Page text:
Autumn Feed time. That means making syrup at winter strength to make up for any honey we have removed to ensure food stores for the winter and to encourage winter bee production.
Something that is most bizarre is that supermarkets used to sell or even give spoiled sugar bags (split usually, sometimes with a little dampness) to beekeepers as the volume of syrup the bees will take can be enormous and hence expensive. Supermarkets rely on bees indirectly as they need food production to be as high as possible and they need pollinators to increase yield. Some supermarkets even have bee friendly projects – such as the Coop’s Plan Bee. I was sure they would be happy to let me have sugar but once I had gone through all avenues I was told no – it is that grey being ”health and safety” at work again. I had also asked in Gerrards Cross Tesco but never got a definitive answer. My fellow beekeeper on our Hughenden Manor bee project had success with Tesco in Princes Risborough though he was asked to pay a reduced amount for the supplies but just this week we learnt from him that the manager has now been told by Head Office he cannot do this any longer – the sugar needs to be destroyed! Our friends Health and Safety strike again.
So, I had been trying to build up stocks and today went to Morrison’s to buy. (I had asked them before and they also said they couldn’t give me any – though they said from memory that they used it in the staff canteen).
My favourite syrup feeder is a green one from Maisemore. I don’t need to use a super as the footprint is the full size of a super. It is very easy to take off the hive roof and then the lid of the feeder to top up. Surprisingly sometimes it takes the bees a while to find the syrup and I need to dribble some down the funnel to give them a Very Strong Hint. The capacity is excellent. Many beekeepers find that 2 litres of syrup can be used up in just 2 or 3 days. Having two feeding points ought to improve the bees access to the syrup.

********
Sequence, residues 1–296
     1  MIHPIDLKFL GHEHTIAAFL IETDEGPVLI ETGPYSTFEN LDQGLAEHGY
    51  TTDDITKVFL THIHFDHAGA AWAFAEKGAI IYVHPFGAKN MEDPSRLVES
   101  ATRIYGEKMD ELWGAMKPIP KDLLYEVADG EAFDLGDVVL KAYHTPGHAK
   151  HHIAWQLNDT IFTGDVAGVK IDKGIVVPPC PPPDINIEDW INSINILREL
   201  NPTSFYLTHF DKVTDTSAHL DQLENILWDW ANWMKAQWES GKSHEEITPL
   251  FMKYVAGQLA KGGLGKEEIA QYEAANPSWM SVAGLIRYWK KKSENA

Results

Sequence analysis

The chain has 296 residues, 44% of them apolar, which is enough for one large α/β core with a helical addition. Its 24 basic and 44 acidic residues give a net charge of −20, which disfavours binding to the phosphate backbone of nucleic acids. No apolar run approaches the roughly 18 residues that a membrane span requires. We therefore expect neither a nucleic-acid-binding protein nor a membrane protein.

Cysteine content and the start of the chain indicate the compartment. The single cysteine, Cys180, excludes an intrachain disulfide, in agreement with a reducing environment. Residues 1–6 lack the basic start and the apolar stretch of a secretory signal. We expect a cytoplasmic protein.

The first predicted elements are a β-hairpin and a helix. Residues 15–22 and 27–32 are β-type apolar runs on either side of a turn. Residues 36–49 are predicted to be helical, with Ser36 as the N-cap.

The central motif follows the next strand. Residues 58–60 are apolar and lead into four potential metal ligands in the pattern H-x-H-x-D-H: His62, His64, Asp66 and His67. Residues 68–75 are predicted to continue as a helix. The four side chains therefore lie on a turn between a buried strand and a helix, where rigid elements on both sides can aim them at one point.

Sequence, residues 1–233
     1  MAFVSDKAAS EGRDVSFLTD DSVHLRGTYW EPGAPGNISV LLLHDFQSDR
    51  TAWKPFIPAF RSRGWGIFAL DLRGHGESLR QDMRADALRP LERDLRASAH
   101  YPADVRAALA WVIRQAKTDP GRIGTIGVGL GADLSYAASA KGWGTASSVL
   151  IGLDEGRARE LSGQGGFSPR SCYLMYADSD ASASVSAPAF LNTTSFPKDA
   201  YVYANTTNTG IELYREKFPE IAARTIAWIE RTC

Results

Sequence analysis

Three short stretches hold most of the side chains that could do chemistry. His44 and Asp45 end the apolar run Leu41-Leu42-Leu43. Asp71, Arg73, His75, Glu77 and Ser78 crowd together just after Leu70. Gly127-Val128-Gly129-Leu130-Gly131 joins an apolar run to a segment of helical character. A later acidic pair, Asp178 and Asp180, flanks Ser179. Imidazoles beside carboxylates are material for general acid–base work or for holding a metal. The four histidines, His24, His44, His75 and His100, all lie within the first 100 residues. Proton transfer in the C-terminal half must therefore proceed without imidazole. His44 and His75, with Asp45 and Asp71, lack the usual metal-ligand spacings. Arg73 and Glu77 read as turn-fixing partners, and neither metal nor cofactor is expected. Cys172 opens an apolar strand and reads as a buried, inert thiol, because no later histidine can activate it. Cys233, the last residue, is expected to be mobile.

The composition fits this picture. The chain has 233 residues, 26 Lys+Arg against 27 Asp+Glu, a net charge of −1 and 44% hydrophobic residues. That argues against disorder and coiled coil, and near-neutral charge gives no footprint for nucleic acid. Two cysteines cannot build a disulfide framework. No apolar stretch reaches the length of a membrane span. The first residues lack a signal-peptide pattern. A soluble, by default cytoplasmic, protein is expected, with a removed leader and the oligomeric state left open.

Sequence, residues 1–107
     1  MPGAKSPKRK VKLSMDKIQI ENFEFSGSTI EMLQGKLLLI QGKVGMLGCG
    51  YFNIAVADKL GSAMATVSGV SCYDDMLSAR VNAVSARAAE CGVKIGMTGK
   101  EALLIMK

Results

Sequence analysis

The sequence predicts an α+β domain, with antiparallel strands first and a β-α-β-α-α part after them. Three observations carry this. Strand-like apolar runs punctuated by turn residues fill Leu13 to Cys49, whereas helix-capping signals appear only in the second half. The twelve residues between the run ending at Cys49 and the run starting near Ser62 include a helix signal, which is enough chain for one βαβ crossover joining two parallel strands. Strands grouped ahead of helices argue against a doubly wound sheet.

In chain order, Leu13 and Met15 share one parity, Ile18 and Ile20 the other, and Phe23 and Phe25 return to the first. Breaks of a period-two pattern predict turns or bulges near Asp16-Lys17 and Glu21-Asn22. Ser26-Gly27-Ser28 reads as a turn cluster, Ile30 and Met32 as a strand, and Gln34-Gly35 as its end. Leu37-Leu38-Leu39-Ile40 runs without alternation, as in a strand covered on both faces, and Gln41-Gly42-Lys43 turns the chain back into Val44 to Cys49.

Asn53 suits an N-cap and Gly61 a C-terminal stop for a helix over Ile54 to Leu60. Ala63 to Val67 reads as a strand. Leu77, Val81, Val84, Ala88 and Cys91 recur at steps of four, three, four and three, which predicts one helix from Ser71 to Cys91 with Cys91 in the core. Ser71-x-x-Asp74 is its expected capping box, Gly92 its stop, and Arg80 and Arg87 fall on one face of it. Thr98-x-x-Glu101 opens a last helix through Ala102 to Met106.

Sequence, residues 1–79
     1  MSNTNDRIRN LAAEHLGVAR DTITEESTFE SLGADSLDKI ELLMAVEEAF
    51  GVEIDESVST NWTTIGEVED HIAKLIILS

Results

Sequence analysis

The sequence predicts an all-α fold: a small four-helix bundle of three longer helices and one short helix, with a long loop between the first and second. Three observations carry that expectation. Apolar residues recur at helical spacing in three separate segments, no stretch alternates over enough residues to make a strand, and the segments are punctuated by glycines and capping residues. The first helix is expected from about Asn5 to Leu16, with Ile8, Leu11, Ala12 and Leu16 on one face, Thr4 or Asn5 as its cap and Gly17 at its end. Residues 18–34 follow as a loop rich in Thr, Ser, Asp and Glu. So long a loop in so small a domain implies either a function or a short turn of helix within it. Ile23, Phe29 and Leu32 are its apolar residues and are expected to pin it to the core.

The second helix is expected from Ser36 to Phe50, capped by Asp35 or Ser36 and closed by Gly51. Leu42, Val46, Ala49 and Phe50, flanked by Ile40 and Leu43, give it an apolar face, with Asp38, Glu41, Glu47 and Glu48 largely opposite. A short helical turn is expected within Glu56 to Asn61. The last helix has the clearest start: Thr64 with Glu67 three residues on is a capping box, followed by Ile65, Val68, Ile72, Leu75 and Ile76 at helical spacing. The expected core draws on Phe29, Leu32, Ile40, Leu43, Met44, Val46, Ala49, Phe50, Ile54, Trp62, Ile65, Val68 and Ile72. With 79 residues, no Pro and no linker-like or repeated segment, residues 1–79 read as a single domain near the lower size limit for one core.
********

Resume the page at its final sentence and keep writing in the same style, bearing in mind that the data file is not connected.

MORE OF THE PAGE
In the early days I did cut some extra holes in the crown board to coincide with the feeder openings but I assume that wasn’t necessary. Surely the design of the feeder acts much like a crown board? Perhaps someone will correct me if I am wrong.
The design is quite clever. The central turrets mean the bees can come up from the hive below but as they are covered they cannot escape into the feeder itself. Ridges on the turrets and on the cover give grip to help the bees climb when necessary. You need to fill the container slowly when there are bees feeding to avoid them drowning or falling in the stampede as they all try and escape the tsunami of syrup. I usually put the syrup in washed out milk cartons and I have often gone down at dusk without bothering to suit up as it can be a quick operation to whip off lids, add more syrup and return the lids.
Managing the volume that needs to be made over the crucial few weeks can make the kitchen look as though it is more like a production line.
So I had better get back to the production line.